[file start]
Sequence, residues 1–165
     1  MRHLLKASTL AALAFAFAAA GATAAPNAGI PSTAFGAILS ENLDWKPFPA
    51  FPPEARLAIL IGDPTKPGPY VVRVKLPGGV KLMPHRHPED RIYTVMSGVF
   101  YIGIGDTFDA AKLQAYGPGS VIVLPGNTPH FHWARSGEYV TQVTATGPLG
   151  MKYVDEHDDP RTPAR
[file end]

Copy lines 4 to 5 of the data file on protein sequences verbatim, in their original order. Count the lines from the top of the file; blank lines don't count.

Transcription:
   101  YIGIGDTFDA AKLQAYGPGS VIVLPGNTPH FHWARSGEYV TQVTATGPLG
   151  MKYVDEHDDP RTPAR